As part of my wrap up to 2015, I’m looking back on some of the trips I’ve taken this year and reflecting on some pretty amazing destinations. One of which was a work trip to the South Island of New Zealand to shoot a video for my wine client.
New Zealand was definitely on my bucket list, so since I suffered through the 30+ hour trek in coach, I made sure to extend my stay a few days and do some exploring. If there were ever a time and a place for a boondoggle, this was it.
On the very Northern coast of the South Island is the hard-working wine town of Blenheim, nestled within the rolling hills of Marlborough County. You won’t find many fancy hotels, but you will find ridiculous Sauvignon Blanc, vineyards “for Africa” (a kiwi term meaning loads and loads) and some pretty good food.
What to do:
Wine Tours by Bike: Hands down, if you do one thing in this part of the country, grab your padded shorts and your liver and set out on a self-guided winery tour by bike. This company picked us up at our hotel and provided bike, map, helmet and safety briefing. Whether you want to log in a lot of miles or a lot of wine (we did both), this is a great way to see the country and taste great Sauv Blancs, Pinots and even some un-oaked Chardonnay. We made stops at Cloudy Bay, Allen Scott (with lunch at the well-known 12 Oaks), Hans Herzog, George Michelle and lastly, a drunken stop at Gliesan (and took cabs back from there).
Where to nosh:
Raupo: One of the trendier spots located right on the Taylor River in town is this place which caters to wine-loving tourists and upscale locals. You’ll find innovative contemporary dishes like crispy rolled pork belly and great fresh seafood. They also open early and have great breakie to go. I really wish I could find something similar to their savory breakfast scones (rosemary and prosciutto) in the States.
Hotel d’ Urville: Probably the classiest hotel and restaurant in Blenheim, they boast an ever-changing, seasonal menu that includes heavy hitters like bone-in ribeye, sockeye salmon and seafood boullabaisse. They pull out all the stops on the wine list too, so this is place to try a something local that doesn’t get as much love as SB.
From Blenheim we wanted to head south to Queenstown, but getting a direct flight there was impossible. Since everything connected through Christchurch, we opted to rent a car and drive the 4 hours from Blenheim to Christchurch and take in some of the off-the-beaten path things to see along the way, like the coastline near Kaikoura.
What to do:
Baby Seals…..Squeal!!!!: Do not miss this stop if you are driving anywhere near Kaikoura as these baby seals romping in the water are quite possibly the cutest thing you can see in the wild. Follow the path from the small parking lot and as you walk along the stream to the waterfall, make sure you look for these crazy cute water pups. It’s only a 10-minute walk (not really a hike), but definitely bring your camera and prepare to swoon at the adorbs-ness.
Where to nosh:
Ninn’s Bin: So whether or not you like fresh seafood (crayfish as big as a cat!), this roadside RV restaurant is worth the stop for its instagram value alone. This bright-blue family run seafood shack is no doubt making a killing on its fresh-caught seafood, that you eat on picnic tables out front. Be prepared though, the one crayfish we bought to split was $45 (NZ dollars), which I wasn’t expecting at this hole-in-the-wall.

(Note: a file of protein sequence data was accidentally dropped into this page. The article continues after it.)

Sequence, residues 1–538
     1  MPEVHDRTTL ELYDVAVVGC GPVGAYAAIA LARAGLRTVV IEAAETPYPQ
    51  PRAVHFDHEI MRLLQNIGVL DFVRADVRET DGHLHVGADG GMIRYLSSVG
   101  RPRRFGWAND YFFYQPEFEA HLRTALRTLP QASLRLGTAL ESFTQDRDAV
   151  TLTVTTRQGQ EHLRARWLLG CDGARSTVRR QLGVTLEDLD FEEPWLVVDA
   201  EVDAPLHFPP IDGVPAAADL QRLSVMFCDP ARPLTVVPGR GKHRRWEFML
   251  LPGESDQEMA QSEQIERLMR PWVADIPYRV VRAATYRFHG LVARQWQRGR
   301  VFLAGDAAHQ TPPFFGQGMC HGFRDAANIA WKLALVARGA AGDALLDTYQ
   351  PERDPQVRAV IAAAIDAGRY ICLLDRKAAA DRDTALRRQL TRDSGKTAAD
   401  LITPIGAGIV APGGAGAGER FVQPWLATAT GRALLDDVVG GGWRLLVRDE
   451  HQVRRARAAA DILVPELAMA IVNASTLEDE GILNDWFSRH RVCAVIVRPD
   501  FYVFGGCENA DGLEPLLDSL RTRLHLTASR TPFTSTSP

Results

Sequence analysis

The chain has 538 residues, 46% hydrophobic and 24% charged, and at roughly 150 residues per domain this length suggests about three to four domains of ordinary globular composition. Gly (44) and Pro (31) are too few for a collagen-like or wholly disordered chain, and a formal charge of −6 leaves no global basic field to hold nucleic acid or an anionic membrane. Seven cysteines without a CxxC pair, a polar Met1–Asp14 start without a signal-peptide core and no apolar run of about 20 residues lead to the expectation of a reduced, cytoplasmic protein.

This crown jewel of the south island is teeming with tourists, but when you arrive you’ll see why. It’s like Boulder, Colorado but with a super cute accent and even more extreme sports. If it wasn’t so damn far away from the rest of the world, I’d relo tomorrow.
What to do:
Milford Sound: It’s pricey and will eat up an entire day, but the bus trip and boat cruise in Milford Sound was well worth the jaunt. The bus left downtown Queenstown very early and took about 4 hours each way, but it made frequent photo and bio stops which made it bearable. Once there, we boarded a good size boat and headed out into the “Sound”, a dramatic ocean inlet surrounded by green mountains and waterfalls. On the way home, make sure to keep your eyes peeled for a place selling meat pies. They’re an NZ staple and a cheap and tasty way to fill a void in your belly.
Queenstown “Hill”: Bypass taking the cable car up the hill and get a map to the trailhead that takes you up to the summit and you’ll more than earn yourself a Tuatara or two. It takes about an hour each way (more if you get lost like we did), and make sure to bring a warm jacket as it’s chilly up top. Once there, you can try your hand at a number of extreme sports (bungee jumping was invented here) or take a smaller chairlift further up to take a little pedal car track down like we did, which was surprisingly fun and cheap.
Where to nosh:
Vudu Café: One part granola hippie, one part Melbourne chic, this unique eatery does breakie right. Their flat whites (kiwi for coffee with milk) are on point and their pastries, quiches and porridges are healthy and inventive. We went to this place three days in a row and we meant to get to its sister restaurant, but ran out of meals.
Fergburger: Because Queenstown has no shortage of backpackers on a budget, make time to get to this now legendary estab serving up pretty much any kind of burger you can think of. I am not a huge burger person, but I can say these are worth the 800-or so calories they must pack.
Madame Woo: I am obsessed with Asian food no matter where I am in the world, so when we stumble upon Madame Woo, which sells itself as “Authentic Malaysian Hawker Food,” I had to check it out. Hawker food turned out to be a fancier version of street food—shareable, sticky and really good. Turns out the chef, Josh Emett, a well-known kiwi who’s earned Michelin stars at his restaurants across the globe, was there that evening and he was happy to say hello and sign one of his beautifully-designed cookbooks.